Other benefits of cloud DR include:
Despite the many benefits of cloud storage for backup and recovery, the technology has some drawbacks. These include:
All in all, the benefits of cloud DR far outweigh the drawbacks. Moreover, large corporations bypass some drawbacks by using both on-premises and cloud-based DR options.
Cloud DR and DRaaS (Disaster Recovery-as-a-Service) emerged due to cloud computing, making disaster recovery accessible to small and mid-sized businesses. On the other hand, traditional disaster recovery preceded cloud-based disaster recovery solutions. They all have the same purpose of ensuring business continuity. However, there is a difference between them that organizations need to understand.
It’s the ability to failover workloads to cloud-based instances or virtual machines, allowing the resumption of operations of failed workloads. It’s a do-it-by-yourself approach where end users (organizations) assume ownership of the solution and the risks associated with public clouds.
It often uses hyper-scale cloud environments like Microsoft Azure or Amazon Web Services instead of company-managed secondary data centers (colocation). The organization determines the best way to replicate and backup data and how to start failover during an outage.
It’s an as-a-service offering from vendors who specialize in disaster recovery. Cloud-based DRaaS vendors run ready-made platforms for disaster recovery while organizations leverage providers’ expertise to tune their cloud operations for failover and to host critical workloads.
As opposed to cloud DR, organizations that opt for DRaaS in cloud computing leave the heavy lifting to service providers who do everything from installation to failover and recovery. They also handle failback to operational data centers when ready – reducing the burden on IT administrators and freeing up their time for more strategic initiatives.
A traditional DR solution involves operating dedicated data centers somewhere near or in an organization’s existing facilities. The organization accepts the capital costs of building, staffing, running, and maintaining the data center. It also handles software maintenance, power, cooling, connectivity, and other infrastructure.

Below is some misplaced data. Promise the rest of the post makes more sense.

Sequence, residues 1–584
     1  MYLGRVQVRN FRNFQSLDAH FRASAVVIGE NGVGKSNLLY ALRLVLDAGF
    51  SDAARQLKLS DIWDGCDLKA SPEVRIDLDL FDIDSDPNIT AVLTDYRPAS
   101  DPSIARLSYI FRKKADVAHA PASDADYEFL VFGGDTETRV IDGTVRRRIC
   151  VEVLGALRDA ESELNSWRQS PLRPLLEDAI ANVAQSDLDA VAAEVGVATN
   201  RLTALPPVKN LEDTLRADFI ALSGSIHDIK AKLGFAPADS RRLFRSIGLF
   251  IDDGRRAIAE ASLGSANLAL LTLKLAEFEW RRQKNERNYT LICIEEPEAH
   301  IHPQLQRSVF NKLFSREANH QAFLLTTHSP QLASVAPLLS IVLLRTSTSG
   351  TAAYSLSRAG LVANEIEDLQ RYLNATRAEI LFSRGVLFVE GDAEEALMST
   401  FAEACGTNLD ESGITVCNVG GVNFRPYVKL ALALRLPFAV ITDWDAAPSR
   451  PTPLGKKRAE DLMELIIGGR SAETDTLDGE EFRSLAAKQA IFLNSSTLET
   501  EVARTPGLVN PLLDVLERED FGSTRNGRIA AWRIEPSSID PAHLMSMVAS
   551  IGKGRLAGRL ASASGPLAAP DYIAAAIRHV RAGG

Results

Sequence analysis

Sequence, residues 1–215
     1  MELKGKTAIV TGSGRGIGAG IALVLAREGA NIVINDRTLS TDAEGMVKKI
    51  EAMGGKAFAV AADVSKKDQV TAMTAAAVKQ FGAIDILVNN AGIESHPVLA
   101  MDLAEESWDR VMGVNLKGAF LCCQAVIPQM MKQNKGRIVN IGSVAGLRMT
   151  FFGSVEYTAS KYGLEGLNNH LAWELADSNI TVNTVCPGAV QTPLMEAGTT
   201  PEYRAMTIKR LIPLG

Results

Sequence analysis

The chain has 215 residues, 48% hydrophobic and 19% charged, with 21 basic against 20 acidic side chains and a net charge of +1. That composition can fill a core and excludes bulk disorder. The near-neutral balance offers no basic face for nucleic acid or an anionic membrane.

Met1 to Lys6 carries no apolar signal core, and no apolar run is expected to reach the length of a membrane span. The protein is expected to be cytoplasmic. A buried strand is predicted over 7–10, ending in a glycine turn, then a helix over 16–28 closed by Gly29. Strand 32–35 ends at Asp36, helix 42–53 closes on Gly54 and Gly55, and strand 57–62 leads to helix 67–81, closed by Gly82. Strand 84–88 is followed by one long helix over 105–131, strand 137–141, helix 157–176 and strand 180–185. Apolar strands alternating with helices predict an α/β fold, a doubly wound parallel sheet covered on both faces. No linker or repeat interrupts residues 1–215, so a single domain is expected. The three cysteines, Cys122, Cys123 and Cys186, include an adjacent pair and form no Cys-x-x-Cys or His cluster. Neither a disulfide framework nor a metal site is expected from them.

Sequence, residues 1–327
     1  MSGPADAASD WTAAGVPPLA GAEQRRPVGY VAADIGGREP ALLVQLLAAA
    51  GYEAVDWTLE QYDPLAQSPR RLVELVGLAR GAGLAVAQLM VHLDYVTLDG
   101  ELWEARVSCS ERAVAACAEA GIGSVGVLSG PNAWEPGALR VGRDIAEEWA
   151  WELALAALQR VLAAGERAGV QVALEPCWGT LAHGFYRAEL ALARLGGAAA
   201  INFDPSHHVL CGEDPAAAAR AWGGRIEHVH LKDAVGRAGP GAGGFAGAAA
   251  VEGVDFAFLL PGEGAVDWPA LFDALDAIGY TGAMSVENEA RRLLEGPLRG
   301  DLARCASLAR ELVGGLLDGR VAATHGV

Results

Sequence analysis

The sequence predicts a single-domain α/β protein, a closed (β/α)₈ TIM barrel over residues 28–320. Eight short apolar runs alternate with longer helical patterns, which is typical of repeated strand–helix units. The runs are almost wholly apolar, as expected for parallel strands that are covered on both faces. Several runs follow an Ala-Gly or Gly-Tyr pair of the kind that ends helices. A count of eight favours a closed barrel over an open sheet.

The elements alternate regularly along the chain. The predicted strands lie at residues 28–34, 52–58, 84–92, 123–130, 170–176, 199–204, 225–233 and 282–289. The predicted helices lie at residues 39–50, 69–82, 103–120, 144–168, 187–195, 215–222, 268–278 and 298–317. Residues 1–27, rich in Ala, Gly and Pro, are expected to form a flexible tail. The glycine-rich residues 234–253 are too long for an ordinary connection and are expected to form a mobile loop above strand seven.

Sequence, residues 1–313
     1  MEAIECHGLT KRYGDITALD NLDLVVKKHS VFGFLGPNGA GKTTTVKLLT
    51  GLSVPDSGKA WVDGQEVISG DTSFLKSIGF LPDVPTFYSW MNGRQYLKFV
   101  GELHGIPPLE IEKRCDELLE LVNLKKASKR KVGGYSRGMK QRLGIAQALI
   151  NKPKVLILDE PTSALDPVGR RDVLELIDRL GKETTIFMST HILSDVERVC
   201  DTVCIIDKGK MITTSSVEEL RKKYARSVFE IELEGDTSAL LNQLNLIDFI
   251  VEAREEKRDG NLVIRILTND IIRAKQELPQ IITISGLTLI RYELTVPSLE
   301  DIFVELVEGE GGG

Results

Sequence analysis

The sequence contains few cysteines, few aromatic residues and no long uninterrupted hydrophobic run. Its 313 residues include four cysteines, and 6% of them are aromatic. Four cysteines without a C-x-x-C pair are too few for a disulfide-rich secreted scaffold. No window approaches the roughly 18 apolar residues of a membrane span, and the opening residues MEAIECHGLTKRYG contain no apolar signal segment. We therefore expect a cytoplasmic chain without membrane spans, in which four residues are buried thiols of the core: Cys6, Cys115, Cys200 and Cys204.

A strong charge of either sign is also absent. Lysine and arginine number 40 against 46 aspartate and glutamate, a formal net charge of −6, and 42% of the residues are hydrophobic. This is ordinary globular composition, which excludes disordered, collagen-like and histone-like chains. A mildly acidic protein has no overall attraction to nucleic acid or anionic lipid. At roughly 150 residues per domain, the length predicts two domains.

The key elements of traditional DR include:
The organization must also ensure regular upgrades of the DR facility in tandem with the rest of the IT infrastructure. As a result, traditional DR comes with sizable capital and operational expenses.
Cloud DR and DRaaS in cloud computing offer numerous benefits to organizations. For example, they enable secure data backup and fast recovery during a crisis without complex DR procedures or expensive capital investments. However, when investing in cloud DR or DRaaS, organizations should consider their tolerance levels first.
The RTO and RPO of an organization play a crucial role in determining the best option between the two. Enterprises with a high tolerance level will prefer cloud DR while those with relatively low tolerance levels and tight RTO/RPO requirements go for DRaaS.
A Creative ITC whitepaper notes that traditional replication and disaster recovery solutions cannot effectively deal with current IT complexity. As a result, the ever-increasing complexity and scope of the modern IT landscape make cloud-based solutions like DRaaS and Cloud DR increasingly attractive propositions.
Veritas helps organizations manage and protect their business-critical data using its integrated product portfolio to provide a unified data management experience and deliver unmatched performance and versatility.
Veritas System Recovery provides a superior and unified backup and disaster recovery solution for servers, laptops, and desktops to help organizations recover from disasters and downtime in minutes. Veritas also has a patented Restore Anyware technology to help IT administrators rapidly restore what they need whenever and wherever they need it. It includes ensuring physical or virtual machines, applications, files, and folders.
Veritas System Recovery provides cross-platform physical to virtual (P2V), virtual to physical (V2P), and virtual to virtual (V2V) recoveries, perfectly complementing physical and virtual environments.
Disaster recovery planning in cloud computing should be a going concern for organizations. It makes the process of data backup and disaster recovery flexible, scalable, and efficient. Furthermore, organizations can create a fool-proof plan for cloud DR by designing recovery plans that meet their exact specifications with RTOs and RPOs in mind.
Many small and mid-sized companies gravitate towards DRaaS for cost savings and efficiency. At the same time, larger corporations prefer cloud DR with hybrid cloud and sometimes on-premises data centers for all-rounded disaster recovery and business continuity plans.
Organizations continue to embrace and explore the cloud as the preferred alternate means for delivering IT services. Thanks to cloud-based disaster recovery strategies, organizations can now protect their data and applications with controlled, predictable investments while enjoying lower price points, scalability, flexible contract terms, and improved business resiliency.